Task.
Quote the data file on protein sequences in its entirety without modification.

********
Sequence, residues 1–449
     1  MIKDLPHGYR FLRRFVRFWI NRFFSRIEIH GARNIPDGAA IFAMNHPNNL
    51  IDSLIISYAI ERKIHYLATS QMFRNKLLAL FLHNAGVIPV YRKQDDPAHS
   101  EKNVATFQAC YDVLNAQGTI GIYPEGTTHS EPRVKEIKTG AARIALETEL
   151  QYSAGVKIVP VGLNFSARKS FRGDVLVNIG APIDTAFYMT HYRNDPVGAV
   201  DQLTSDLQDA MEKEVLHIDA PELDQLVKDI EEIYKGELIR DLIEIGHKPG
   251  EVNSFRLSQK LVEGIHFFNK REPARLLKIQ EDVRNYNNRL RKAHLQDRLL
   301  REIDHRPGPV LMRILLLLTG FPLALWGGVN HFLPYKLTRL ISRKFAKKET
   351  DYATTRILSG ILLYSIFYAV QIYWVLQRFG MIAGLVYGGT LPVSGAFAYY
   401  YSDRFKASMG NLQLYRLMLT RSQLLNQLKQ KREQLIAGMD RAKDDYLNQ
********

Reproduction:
Sequence, residues 1–449
     1  MIKDLPHGYR FLRRFVRFWI NRFFSRIEIH GARNIPDGAA IFAMNHPNNL
    51  IDSLIISYAI ERKIHYLATS QMFRNKLLAL FLHNAGVIPV YRKQDDPAHS
   101  EKNVATFQAC YDVLNAQGTI GIYPEGTTHS EPRVKEIKTG AARIALETEL
   151  QYSAGVKIVP VGLNFSARKS FRGDVLVNIG APIDTAFYMT HYRNDPVGAV
   201  DQLTSDLQDA MEKEVLHIDA PELDQLVKDI EEIYKGELIR DLIEIGHKPG
   251  EVNSFRLSQK LVEGIHFFNK REPARLLKIQ EDVRNYNNRL RKAHLQDRLL
   301  REIDHRPGPV LMRILLLLTG FPLALWGGVN HFLPYKLTRL ISRKFAKKET
   351  DYATTRILSG ILLYSIFYAV QIYWVLQRFG MIAGLVYGGT LPVSGAFAYY
   401  YSDRFKASMG NLQLYRLMLT RSQLLNQLKQ KREQLIAGMD RAKDDYLNQ